Your retirement plan is not a set-it-and-forget-it proposition. You'll need to review your plan regularly to ensure that you're on track to meet your goals. This means monitoring your savings, reviewing your investment portfolio, and adjusting as needed.  

As you get closer to retirement, you'll also need to adjust your plan to reflect changes in your life, such as changes in your income, expenses, or health.  

Retirement planning may seem daunting, especially for young adults who are just starting out in their careers. However, by following these tips, you can set yourself up for a comfortable retirement.   

How Young Adults Can Use Compound Interest To Their Advantage

To understand the power of compound interest and saving early for retirement, it’s impactful to look at the numbers, which tell the whole story. 

According to the U.S. Bureau of Labor Statistics (BLS), the median wage for workers in the first quarter of 2023 was $57,200 per year for all workers over the age of 16, and $52,936 for all workers between the ages of 25 to 34.  

A good rule of thumb is to save 15% of your pre-tax income each year for retirement. As this is a long-term investment, we want to look at the historical performance of the stock market to get an idea of how this money can grow over time.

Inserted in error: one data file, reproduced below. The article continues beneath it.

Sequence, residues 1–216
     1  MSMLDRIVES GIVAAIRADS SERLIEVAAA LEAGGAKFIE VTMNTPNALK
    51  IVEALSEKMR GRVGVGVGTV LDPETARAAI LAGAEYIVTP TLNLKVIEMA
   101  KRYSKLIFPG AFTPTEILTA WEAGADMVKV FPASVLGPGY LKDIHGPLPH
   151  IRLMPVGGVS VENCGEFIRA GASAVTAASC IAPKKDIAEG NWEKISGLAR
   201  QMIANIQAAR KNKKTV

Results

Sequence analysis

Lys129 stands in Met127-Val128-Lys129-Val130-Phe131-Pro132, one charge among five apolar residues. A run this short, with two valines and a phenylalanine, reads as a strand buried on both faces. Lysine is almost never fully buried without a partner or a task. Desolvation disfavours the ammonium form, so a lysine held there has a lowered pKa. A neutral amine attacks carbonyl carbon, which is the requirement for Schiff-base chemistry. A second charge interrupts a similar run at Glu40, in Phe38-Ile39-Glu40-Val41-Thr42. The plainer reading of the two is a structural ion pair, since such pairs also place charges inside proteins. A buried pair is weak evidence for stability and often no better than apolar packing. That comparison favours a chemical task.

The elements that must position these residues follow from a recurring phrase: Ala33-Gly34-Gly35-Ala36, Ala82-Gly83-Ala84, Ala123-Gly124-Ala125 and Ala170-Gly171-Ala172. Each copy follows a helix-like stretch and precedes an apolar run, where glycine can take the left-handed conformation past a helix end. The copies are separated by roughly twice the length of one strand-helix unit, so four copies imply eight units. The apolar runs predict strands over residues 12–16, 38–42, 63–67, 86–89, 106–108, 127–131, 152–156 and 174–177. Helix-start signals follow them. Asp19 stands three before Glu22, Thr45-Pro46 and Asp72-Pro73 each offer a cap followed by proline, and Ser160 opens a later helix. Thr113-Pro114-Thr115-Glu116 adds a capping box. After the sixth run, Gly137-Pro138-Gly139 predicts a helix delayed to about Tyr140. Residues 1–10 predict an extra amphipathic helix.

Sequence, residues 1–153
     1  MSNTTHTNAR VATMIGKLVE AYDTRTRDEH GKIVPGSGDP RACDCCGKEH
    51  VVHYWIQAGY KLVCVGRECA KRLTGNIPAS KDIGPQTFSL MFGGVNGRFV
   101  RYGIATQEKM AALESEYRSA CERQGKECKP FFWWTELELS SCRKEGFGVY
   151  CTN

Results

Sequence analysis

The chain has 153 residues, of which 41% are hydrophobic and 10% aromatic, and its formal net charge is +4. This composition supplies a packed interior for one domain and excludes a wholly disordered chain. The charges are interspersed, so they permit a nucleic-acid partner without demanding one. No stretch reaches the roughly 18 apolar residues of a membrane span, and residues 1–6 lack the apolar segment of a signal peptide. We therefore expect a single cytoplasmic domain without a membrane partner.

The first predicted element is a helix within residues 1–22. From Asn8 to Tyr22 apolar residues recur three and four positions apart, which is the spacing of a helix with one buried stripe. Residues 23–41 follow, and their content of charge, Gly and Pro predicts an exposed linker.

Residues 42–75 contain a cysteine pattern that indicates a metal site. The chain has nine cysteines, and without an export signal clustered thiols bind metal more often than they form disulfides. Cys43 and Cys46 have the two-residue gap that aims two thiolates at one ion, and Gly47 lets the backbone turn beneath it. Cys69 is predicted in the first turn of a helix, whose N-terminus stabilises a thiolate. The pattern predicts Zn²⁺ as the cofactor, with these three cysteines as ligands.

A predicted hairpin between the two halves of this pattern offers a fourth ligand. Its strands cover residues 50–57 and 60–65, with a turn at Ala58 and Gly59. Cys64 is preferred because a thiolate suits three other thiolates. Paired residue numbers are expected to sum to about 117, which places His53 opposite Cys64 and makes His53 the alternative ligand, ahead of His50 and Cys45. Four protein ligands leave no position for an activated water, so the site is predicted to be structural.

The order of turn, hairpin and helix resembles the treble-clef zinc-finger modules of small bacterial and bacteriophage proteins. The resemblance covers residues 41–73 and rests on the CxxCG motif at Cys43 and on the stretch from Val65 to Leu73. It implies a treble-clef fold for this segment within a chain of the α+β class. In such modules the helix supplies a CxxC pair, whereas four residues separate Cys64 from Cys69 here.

See the chart to understand how important it is to start saving early. Pretty impressive! 

Beginning Age Annual Salary** % Amount Contribution Retirement Age Balance at Retirement
30 $45,552 15% 65 $1,337,359
30 $45,552 15% 70 $1,996,510
30 $45,552 20% 65 $1,783,143
30 $45,552 20% 70 $2,662,010
40 $54,444 15% 65 $678,834
40 $54,444 15% 70 $1,053,834
40 $54,444 20% 65 $905,113
40 $54,444 20% 70 $1,405,113
50 $54,028 15% 65 $245,274
50 $54,028 15% 70 $418,712
50 $54,028 20% 65 $327,032
50 $54,028 20% 70 $558,282

*using 30-year historical returns of SPDF S&P 500 (SPY) ETF, assuming no fees or capital gains taxes, and full reinvestment of dividends, through 03/31/2023 

**median annual salary, 1st Qtr 2023 averages, U.S. Bureau of Labor Statistics, not seasonally adjusted, and assuming 2% annual income increase